House Financial Services Committee Chair Patrick McHenry Ripped SEC Chair Gary Gensler on Ethereum

While the Securities and Exchange Commission (SEC) has aggressively pursued enforcement actions against digital asset platforms and issuers, the industry has complained the rules are unclear, making compliance a challenge. At the same time, the SEC has asked crypto trading platforms to come in and register – something that Coinbase has claimed as “fake” as they have tried and been denied.

Yesterday, during an SEC oversight hearing, the Chair of the House Financial Services Committee, Patrick McHenry, highlighted the conundrum as SEC Chair Gary Gensler struggled to define Ethereum. McHenry hammered Chair Gensler, who equivocated on the question of whether Ethereum is a security or whether it is a commodity. If it is a commodity, the SEC has no jurisdiction.

During that last administration, the SEC declared that Ethereum is NOT a security as it was sufficiently decentralized. Now, Ethereum’s recent migration from proof of work to proof of stake may challenge this assertion, but what should be obvious to all is the SEC’s inability to define the digital asset, laying bare the lack of clarity in the digital asset sector.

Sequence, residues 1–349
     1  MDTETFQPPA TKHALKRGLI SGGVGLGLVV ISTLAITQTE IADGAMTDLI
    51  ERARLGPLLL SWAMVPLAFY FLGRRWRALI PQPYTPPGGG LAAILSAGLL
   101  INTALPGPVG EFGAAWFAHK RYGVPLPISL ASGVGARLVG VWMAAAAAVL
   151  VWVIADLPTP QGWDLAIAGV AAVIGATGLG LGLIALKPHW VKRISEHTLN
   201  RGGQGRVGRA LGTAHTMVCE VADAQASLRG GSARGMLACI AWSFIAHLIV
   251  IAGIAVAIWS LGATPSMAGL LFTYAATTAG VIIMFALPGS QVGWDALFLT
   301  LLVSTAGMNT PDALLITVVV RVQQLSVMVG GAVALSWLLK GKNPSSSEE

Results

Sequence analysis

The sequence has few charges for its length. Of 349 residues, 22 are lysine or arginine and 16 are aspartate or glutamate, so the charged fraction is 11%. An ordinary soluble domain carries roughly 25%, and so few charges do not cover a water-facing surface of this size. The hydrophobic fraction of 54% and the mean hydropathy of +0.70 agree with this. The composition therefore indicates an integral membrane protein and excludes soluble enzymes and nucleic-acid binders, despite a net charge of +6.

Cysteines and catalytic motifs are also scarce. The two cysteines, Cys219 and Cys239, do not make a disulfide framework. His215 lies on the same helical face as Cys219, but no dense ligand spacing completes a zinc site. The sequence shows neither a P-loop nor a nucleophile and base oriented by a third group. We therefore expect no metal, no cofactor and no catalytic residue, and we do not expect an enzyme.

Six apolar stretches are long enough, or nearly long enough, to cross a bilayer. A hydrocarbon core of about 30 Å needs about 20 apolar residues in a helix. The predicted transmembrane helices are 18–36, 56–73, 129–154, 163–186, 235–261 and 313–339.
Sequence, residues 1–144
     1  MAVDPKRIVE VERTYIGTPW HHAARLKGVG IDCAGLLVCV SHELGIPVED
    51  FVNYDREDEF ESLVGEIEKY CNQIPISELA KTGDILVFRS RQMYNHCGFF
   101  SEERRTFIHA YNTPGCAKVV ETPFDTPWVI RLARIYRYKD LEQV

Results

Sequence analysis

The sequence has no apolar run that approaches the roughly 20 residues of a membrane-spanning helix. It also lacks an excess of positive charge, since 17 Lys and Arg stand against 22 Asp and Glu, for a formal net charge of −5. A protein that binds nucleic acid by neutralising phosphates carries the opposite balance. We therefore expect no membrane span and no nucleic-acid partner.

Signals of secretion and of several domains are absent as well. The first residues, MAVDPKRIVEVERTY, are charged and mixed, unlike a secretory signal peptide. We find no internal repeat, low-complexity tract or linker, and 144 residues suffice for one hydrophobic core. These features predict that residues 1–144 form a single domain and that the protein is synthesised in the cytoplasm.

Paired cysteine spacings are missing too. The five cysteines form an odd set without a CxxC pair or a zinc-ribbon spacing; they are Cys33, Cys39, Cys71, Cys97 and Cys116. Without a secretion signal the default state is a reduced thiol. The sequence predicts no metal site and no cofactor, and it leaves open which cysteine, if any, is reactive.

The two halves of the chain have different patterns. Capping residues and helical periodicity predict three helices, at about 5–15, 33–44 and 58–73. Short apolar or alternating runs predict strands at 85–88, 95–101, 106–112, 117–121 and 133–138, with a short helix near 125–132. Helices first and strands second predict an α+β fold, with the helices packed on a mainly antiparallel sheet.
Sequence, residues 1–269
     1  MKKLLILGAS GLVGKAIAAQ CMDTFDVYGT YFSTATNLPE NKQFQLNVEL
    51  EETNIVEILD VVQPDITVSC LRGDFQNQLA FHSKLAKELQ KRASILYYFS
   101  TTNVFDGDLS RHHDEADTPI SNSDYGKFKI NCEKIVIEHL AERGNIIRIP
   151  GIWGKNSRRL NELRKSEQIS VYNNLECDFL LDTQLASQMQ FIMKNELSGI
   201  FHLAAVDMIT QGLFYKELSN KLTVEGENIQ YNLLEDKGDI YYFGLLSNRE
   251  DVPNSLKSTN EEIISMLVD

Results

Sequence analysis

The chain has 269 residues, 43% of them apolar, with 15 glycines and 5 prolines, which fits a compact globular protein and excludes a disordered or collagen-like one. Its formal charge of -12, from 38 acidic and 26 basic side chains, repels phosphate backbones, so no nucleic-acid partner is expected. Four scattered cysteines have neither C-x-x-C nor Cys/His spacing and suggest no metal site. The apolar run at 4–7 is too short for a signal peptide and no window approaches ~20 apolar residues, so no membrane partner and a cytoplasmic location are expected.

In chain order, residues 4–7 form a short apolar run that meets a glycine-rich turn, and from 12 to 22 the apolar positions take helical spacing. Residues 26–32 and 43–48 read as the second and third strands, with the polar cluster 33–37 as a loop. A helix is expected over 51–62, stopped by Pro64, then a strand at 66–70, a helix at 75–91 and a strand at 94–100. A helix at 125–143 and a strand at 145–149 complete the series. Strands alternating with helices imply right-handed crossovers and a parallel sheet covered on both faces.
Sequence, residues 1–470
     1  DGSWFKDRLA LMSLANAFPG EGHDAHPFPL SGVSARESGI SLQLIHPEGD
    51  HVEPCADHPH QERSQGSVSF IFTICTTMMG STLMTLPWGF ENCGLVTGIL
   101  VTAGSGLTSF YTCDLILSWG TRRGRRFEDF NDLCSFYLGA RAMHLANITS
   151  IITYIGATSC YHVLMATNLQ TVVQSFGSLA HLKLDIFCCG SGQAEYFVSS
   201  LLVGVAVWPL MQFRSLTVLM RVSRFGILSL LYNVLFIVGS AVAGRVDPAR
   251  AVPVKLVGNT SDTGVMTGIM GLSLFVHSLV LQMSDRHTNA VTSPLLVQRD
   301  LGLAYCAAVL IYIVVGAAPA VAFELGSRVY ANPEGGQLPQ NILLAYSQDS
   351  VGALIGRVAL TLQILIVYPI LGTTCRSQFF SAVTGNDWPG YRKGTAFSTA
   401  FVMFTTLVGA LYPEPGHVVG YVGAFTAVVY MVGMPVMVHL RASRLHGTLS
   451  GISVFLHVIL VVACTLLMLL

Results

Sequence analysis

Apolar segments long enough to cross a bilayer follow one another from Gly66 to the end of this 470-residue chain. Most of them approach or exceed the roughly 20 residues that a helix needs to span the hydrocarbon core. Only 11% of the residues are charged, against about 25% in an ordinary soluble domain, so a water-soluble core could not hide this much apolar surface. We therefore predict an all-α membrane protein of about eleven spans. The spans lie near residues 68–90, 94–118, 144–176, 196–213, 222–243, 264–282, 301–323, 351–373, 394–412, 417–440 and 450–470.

In advance of the hearing, Chair Gensler said that “Nothing about the crypto markets is incompatible with the securities laws. As I’ve said numerous times, the vast majority of crypto tokens are securities.” Yet, ironically, this statement disintegrates when asked about Ethereum – the second most popular digital asset after Bitcoin. If the SEC believes all cryptocurrencies are securities, why not tell the Committee that this includes Ethereum?

Later on, during the testimony, Gensler stated the SEC has the authority and the laws to oversee the crypto industry. It is simply nonsensical to claim the SEC has the authority and laws on the books while being unable to address a digital asset with a market cap of over $230 billion.

During the hearing, other Representatives stepped in to question Gensler about his opaque approach to crypto, noting the “regulation by enforcement” with more than 140 enforcement actions. Representative Tom Emmer, a proponent of financial innovation, asked Chair Gensler if he was concerned that he is driving digital asset firms to relocate outside the US. Gensler’s response was obtuse:

“…we are trying to drive [them] to compliance.”

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